This month, members of the Bootcamp community joined activists, allies and trans folks to show solidarity and support for trans rights at London Pride.
Trans people to the front
This month, a group of trans people, lesbians, and queer allies showing support for trans rights led the 2019 Pride in London march. This comes just one year after the same event was hijacked by a small group of anti-trans protesters trying to force divisions in the LGBTQ+ community between trans folks and lesbians, carrying banners with slogans like ‘transactivism erases lesbians’.
This year, a number of organisations and individuals including Bootcamp’s Lead Trainer and graduates started organising to ensure that trans people and trans allies could lead the march, standing up to transphobia and stating unequivocal support for the rights of trans people.
Bootcamp graduates and community members joined organisations such as Level Up, Stonewall, UK Black Pride, Mermaids, L with the T, Outside Project, Lesbians and Gays Support the Migrants, and African Rainbow Family to march in the parade in London on Saturday, with banners, placards and flags. The front of the march featured an inclusive Pride flag and a trans flags.
Lesbian groups took a particularly strong stance this year in order to make clear that the attempts at last years Pride in London to divide the community were in vain. L with the T is a solidarity group set up in direct response to that event to make clear that Lesbians are with the Trans people in the community. You can see more about their reasons for marching here (including a video featuring Bootcamp Grad Mefi Sushy, from the No More White Ignorance campaign). Dykes on Bikes London also made their debut in the parade, citing increased transphobia and homophobia as their reason for joining. Groups of bisexual people and gay and queer men also showed their support for trans rights, under ‘B with the T’ and ‘G with the T’ banners.
The wider context
On the day before Pride In London, a small group of transphobic activists stood outside LGBTQ+ charity Stonewall’s Children and Young People’s Conference shouting anti-trans rhetoric, with giant placards including graphic (and non-consensual) imagery of trans people’s bodies immediately post-surgery, a favoured but inhumane tactic of anti-choice organisations such as the groups who organised this small, fringe protest.
Worried about another anti-trans protest surfacing the next day, a simple guide to how to deal TERFs circulated on social media before Pride via a group of activists led by trans people of colour including Bootcamp Lead Trainer Nim and other Bootcamp Graduates. They also printed and circulated thousands of the flyers at Pride in London so that the wider LGBTQ+ could help respond to anti-trans protesters if they showed up.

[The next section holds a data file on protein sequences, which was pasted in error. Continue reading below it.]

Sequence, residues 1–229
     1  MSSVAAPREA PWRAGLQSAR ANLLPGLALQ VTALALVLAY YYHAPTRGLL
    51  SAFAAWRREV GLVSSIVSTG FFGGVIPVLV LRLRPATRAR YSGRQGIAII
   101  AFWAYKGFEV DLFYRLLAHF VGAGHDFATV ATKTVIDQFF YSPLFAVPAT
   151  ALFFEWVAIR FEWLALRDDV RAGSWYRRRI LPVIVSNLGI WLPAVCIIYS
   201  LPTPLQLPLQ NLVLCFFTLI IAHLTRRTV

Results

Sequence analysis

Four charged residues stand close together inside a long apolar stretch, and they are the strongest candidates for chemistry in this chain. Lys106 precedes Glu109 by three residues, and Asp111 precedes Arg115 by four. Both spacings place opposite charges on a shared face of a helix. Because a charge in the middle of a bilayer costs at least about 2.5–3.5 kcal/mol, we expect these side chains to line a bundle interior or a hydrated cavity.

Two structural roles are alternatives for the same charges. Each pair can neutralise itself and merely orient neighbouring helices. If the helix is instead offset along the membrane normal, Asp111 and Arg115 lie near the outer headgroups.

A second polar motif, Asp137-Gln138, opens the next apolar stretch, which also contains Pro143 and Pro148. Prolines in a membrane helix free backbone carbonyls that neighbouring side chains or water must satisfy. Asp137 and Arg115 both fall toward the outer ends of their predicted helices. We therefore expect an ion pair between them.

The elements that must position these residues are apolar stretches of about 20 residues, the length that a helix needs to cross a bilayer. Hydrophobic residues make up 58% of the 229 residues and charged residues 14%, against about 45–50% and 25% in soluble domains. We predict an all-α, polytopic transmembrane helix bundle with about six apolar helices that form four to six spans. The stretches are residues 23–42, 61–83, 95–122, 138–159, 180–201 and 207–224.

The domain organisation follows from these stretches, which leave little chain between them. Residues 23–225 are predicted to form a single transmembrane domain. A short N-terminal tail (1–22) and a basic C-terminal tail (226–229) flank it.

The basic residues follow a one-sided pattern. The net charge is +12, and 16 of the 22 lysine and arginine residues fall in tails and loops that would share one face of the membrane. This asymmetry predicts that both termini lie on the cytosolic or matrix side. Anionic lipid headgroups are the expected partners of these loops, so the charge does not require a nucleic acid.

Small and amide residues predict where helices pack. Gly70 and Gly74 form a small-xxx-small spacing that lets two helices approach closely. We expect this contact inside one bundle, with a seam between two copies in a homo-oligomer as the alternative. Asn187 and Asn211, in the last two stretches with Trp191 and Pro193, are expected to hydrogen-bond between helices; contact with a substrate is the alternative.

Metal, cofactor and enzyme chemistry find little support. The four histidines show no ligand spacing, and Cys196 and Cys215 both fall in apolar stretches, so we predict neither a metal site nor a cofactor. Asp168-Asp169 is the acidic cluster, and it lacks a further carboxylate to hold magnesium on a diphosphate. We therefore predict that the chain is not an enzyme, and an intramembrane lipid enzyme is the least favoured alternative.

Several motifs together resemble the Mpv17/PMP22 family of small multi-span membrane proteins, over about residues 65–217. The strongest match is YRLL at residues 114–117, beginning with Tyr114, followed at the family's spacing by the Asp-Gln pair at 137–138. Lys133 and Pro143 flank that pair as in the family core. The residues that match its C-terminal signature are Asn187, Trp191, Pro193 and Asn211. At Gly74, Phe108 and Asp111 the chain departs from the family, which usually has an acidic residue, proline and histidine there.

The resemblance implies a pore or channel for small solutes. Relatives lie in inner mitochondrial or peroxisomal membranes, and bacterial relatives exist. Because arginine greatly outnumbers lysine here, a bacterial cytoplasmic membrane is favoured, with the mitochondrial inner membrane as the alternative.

The advice given on the flyers was:
- A: Alert people.
- B: Block them from view.
- C: (Give them the) Cold shoulder.
‘This year I was invited to march in a solidarity block as an activist and trans person of colour,” Lead Bootcamp trainer Nim said of Pride in London. ‘Given everything that’s happened in the last year since the transphobic lesbians stormed the 2018 Pride in London march, it felt important that the LGBQ+ community showed up to make this year’s Pride all about their solidarity with trans folks.’
Nim also pointed out that transphobia was also being spread by other groups and individuals, including multiple mainstream media outlets. All of this has culminated in an 81% rise in transphobic hate crime in the UK.
Despite being pleased with the amount of trans-support at this year’s Pride, Nim notes that there is still a lot of work to be done to get to a point where trans people feel included and safe to attend such events. ‘Pride should not just be tolerant of us joining the march, and not just inclusive of us. It should be led by us, as it was during the Stonewall riots, 50 years ago.’
Plans for the first London Trans Pride were also announced earlier this year. Due to take place on 14th September, the event will celebrate and centre trans, intersex, non-binary and gender non-conforming people.
Whilst London Trans Pride is undoubtedly a good thing, it felt important to many LGBTQ+ people at Pride to let trans people know that they are welcome there, which is why the event was awash with people wearing t-shirts and carrying banners and placards with slogans such as; ‘Protect Trans Children’ and ‘I learned what I know about true feminism from the trans women in my life.’
Different Prides are Possible
They day after Pride In London, Bootcamp graduate Phyll (known widely as Lady Phyll) also hosted the biggest ever UK Black Pride. 14 years after Lady Phyll co-founded UK Black Pride by organising a trip to Southend-on-Sea with a group of queer black women, this year saw almost 10,000 people filling into Haggerston Park.
It’s clear that demand for spaces, moments and celebrations like UK Black Pride are as necessary as ever. Lady Phyll said ‘Pride is not just a celebration, it’s about change that needs to happen so that we are not constantly living in a state of being marginalised. I may not be here in the next 10 years, 20 years or 30 years, but I want to be able to leave a legacy. A legacy that means that the next generation aren’t having to fight twice as hard as us, but that things are made easier for them.’
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